State v. Savage
Court of General Sessions for Sussex County, Delaware
186 A. 738 (1936)
Savage (defendant) took a can containing three gallons of gasoline from an unattended car and drove away in his own vehicle. After driving for about one mile, Savage stopped, and then poured the gas into his own vehicle’s tank and threw the can away. Savage did not inform the owner of his actions nor attempted to pay for the gasoline or can. Savage was indicted for larceny. At trial, Savage testified that he ran out of gas and saw the car of the prosecuting witness nearby. Thereafter, Savage testified he then poured the gas into his own vehicle’s tank and drove off, leaving the empty gasoline can nearby and instructing a companion to return the can to its owner and to inform the owner that he would pay for the taken gasoline. The companion denied Savage’s version of events.
Rule of Law
Holding and Reasoning (Layton, C.J.)
What to do next…
Unlock this case brief with a free (no-commitment) trial membership of Quimbee.
You’ll be in good company: Quimbee is one of the most widely used and trusted sites for law students, serving more than 724,000 law students since 2011. Some law schools—such as Yale, Berkeley, and Northwestern—even subscribe directly to Quimbee for all their law students.Unlock this case briefRead our student testimonials
Learn more about Quimbee’s unique (and proven) approach to achieving great grades at law school.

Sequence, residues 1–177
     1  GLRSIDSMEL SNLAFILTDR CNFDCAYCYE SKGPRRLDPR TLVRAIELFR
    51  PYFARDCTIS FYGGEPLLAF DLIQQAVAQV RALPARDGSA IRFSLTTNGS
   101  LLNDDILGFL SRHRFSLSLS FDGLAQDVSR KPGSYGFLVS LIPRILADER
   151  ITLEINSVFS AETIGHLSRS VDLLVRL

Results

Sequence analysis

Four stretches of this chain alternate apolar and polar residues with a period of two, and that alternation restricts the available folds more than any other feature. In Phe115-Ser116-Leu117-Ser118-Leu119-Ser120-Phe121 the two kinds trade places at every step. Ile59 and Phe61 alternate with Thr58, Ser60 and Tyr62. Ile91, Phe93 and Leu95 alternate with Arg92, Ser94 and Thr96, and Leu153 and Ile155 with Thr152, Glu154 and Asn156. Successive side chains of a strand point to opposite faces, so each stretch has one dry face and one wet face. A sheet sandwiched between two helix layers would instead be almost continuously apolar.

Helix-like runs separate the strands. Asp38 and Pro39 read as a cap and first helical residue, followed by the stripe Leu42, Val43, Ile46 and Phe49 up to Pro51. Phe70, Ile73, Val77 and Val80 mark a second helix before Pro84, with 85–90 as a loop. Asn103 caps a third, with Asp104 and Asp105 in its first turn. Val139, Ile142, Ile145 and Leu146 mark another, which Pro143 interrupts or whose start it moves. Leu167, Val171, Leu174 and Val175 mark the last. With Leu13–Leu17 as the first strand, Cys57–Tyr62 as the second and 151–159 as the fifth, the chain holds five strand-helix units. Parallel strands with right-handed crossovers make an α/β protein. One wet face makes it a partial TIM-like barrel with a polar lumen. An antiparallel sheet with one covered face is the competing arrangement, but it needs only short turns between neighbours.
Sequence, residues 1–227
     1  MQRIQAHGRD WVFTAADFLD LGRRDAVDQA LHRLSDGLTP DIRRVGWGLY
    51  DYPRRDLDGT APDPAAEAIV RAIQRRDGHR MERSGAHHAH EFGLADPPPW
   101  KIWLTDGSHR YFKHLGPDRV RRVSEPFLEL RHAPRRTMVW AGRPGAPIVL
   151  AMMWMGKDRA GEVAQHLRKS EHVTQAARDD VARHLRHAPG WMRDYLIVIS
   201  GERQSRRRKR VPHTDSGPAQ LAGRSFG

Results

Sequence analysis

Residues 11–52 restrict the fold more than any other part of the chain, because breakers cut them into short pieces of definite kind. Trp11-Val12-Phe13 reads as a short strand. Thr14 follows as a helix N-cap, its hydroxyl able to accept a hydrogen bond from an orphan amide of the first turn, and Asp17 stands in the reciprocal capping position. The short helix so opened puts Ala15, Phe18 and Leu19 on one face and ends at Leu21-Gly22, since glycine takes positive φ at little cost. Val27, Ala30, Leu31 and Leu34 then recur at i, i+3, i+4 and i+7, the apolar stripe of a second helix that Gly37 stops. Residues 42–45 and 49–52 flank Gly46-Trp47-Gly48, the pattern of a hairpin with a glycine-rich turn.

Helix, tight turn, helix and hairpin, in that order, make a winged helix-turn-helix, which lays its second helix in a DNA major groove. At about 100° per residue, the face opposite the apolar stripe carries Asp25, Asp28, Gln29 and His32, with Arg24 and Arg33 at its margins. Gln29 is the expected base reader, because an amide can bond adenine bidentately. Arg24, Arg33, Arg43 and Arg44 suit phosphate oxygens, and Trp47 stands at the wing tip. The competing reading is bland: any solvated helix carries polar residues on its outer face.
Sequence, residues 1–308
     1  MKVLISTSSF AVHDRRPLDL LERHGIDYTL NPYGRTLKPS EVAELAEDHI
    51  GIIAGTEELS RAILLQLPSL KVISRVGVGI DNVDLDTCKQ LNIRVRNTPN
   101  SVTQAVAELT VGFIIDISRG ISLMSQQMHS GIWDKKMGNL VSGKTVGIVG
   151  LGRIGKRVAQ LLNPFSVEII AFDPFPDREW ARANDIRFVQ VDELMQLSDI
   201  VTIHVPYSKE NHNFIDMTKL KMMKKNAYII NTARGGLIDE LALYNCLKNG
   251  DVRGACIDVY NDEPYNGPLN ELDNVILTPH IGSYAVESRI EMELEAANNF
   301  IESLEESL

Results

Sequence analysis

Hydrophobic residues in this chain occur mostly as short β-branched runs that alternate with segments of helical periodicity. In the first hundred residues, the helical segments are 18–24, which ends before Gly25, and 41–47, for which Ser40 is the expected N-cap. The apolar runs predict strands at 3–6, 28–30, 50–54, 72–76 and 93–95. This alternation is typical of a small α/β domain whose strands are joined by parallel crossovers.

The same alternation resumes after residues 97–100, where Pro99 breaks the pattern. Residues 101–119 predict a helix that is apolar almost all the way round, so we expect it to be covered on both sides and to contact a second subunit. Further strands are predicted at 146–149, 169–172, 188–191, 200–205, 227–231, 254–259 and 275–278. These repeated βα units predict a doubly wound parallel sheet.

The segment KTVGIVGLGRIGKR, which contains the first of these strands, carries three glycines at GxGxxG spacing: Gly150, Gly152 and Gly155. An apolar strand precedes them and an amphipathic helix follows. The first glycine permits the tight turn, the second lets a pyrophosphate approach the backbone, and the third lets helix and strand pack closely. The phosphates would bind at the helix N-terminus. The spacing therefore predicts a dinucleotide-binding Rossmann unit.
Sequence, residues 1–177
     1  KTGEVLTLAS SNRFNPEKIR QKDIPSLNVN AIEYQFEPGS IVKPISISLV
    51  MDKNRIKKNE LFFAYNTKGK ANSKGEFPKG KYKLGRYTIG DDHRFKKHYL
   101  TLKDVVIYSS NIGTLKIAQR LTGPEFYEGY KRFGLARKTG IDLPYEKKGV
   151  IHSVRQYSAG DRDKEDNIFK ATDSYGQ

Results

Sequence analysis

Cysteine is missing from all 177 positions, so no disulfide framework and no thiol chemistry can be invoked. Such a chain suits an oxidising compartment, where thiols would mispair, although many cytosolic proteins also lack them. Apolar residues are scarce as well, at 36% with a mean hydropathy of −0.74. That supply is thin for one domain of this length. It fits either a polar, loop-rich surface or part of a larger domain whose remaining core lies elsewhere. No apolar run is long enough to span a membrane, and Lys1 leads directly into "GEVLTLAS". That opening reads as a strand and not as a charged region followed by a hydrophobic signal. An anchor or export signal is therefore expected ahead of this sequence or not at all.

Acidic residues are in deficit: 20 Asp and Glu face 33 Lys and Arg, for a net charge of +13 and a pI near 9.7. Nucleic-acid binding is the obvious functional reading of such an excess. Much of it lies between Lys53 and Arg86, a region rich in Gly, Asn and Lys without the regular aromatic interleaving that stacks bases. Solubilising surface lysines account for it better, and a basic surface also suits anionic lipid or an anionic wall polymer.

Quimbee is a company hell-bent on one thing: helping you get an “A” in every course you take in law school, so you can graduate at the top of your class and get a high-paying law job. We’re not just a study aid for law students; we’re the study aid for law students.Learn about our approachRead more about Quimbee
Here's why 724,000 law students have relied on our case briefs:
- Written by law professors and practitioners, not other law students. 45,600 briefs, keyed to 983 casebooks. Top-notch customer support.
- The right amount of information, includes the facts, issues, rule of law, holding and reasoning, and any concurrences and dissents.
- Access in your classes, works on your mobile and tablet. Massive library of related video lessons and high quality multiple-choice questions.
- Easy to use, uniform format for every case brief. Written in plain English, not in legalese. Our briefs summarize and simplify; they don’t just repeat the court’s language.